9 miles per trip. Many of these riders transfer one or Total 5. and Heavy Rail 4. The data presented are for trips. and time of day. for example. Heavy Light Trolley.6 miles per trip. it should be remembered that some surveys do not include persons below a minimum age.0 trips are taken on trolleybus. Mode Miles per Trip Commuter rail trips. The following figures describe the overall results. these results provide a reasonable assessment of the characteristics of transit users.8 bus. who are too young to complete a survey. 13 . On-board surveys are surveys conducted by transit agencies where transit riders.6 closer together.3 percent of transit trips include one transfer.0 average the longest. from more distant suburbs and Bus 3. 2009 60% 50% Unlinked 40% Trips 30% Passenger 20% Miles 10% 0% Bus Commuter Para.7 those that operate primarily in more congested central Paratransit 7. Report Year 2009 each mode varies because the average trip length on modes. Percent of Total by Mode. Modes with shorter trips are Light Rail 4. is highly variable. Other Rail transit Rail Rail bus Characteristics of Transit Passengers APTA's A Profile of Public Transportation Passenger Demographics and Travel Characteristics Reported in On-Board Surveys combined data from 150 surveys in which transit agencies asked 496. at 24 miles per trip. where origins and destinations are normally Trolleybus 1. This distinction is necessary because the number of trips taken by transit riders varies. Commuter Rail 24.3 percent of persons who ride transit transfer one time.3 more times during their trips which also contributes to a shorter average trip length per unlinked trip.com. on board transit vehicles or in stations. date. not for persons. not that 29. PASSENGERS The percentage of unlinked trips taken on each mode Table 7: Average Length of Unlinked Passenger and the percentage of passenger miles ridden among Trips in Miles by Mode. are given surveys to complete while they travel or to return later. The complete report can be read at www.8 areas. Despite some of these limitations in the survey data. Figure 6: Comparison of Unlinked Passenger Trips and Passenger Miles.000 passengers demographic and travel behavior questions. The shortest Ferry Boat 6. the information they provide is considered highly accurate.apta.9 communities and with a high proportion of work trips. as shown on Table 7. 1. Figure 8 should be read as 29. When examining these data. Because the surveys are already identified by mode of travel. 3.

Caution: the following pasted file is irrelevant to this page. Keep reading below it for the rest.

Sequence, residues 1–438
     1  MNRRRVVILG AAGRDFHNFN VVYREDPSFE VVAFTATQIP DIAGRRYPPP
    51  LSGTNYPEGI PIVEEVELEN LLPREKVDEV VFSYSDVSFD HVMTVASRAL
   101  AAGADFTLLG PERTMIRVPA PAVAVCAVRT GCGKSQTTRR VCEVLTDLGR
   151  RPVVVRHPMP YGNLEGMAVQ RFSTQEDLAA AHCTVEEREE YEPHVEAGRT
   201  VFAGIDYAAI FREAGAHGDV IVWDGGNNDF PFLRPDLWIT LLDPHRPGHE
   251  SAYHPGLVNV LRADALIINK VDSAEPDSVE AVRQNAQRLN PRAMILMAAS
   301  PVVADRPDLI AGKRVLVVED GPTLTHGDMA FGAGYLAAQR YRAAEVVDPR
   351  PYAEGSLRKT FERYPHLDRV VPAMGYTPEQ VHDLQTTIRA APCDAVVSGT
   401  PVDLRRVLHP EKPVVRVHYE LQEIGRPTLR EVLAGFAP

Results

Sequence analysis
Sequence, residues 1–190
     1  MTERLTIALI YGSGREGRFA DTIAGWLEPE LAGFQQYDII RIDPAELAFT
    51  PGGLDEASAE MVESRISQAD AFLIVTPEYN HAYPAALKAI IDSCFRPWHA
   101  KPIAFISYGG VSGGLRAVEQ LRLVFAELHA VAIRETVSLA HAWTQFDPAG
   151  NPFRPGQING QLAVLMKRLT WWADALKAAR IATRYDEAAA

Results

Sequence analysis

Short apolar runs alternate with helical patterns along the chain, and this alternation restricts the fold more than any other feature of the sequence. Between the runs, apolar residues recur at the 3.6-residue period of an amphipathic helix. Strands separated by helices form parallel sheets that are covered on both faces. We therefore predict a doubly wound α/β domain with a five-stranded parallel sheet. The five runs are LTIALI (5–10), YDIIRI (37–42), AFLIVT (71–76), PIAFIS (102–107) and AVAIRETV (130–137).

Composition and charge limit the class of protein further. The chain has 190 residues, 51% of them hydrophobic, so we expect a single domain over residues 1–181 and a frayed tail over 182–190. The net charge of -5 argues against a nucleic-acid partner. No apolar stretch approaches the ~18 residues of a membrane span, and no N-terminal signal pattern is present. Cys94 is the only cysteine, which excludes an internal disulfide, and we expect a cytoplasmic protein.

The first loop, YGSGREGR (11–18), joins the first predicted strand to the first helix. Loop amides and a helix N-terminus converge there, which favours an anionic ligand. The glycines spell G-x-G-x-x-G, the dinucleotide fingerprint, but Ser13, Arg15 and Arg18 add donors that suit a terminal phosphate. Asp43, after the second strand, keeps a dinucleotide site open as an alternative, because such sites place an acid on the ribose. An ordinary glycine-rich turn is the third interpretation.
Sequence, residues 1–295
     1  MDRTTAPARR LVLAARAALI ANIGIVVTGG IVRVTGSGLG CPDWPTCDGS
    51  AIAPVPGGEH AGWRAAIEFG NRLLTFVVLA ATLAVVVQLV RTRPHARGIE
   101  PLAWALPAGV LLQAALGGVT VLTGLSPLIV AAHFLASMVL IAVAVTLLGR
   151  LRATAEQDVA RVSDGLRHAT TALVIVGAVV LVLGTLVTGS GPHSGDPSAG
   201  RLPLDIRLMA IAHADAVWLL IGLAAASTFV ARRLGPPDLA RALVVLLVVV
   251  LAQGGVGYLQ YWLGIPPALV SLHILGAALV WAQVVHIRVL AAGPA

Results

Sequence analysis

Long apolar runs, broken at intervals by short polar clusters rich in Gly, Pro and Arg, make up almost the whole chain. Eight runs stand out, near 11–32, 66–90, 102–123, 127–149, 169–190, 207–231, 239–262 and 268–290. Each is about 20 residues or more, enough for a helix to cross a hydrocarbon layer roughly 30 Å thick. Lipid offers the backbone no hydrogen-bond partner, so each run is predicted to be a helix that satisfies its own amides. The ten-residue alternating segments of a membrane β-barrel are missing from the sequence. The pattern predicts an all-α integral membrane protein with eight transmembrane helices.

passengeers who ride traansit at least fivve days per we eek. PASSENG GERS The most common c purpoose for a transitt trip is to go to o Fortyy percent of trransit riders trransfer one orr more work or re eturn home fro om work. include scchool trips tak ken on schoo ol buses—onlyy school tripss taken on tran nsit vehicles. Nearly tw wo-thirds of tran nsit trips are taken by regular riders. The e second mostt timess during their transit trips. Thesse data do nott comp plete their transsit journey. An A average of slightly s common iss to go to or return from scchool. and the e moree than 1. 14 .5 unlin nked trips are ta aken by each rider r to third is forr shopping or dining.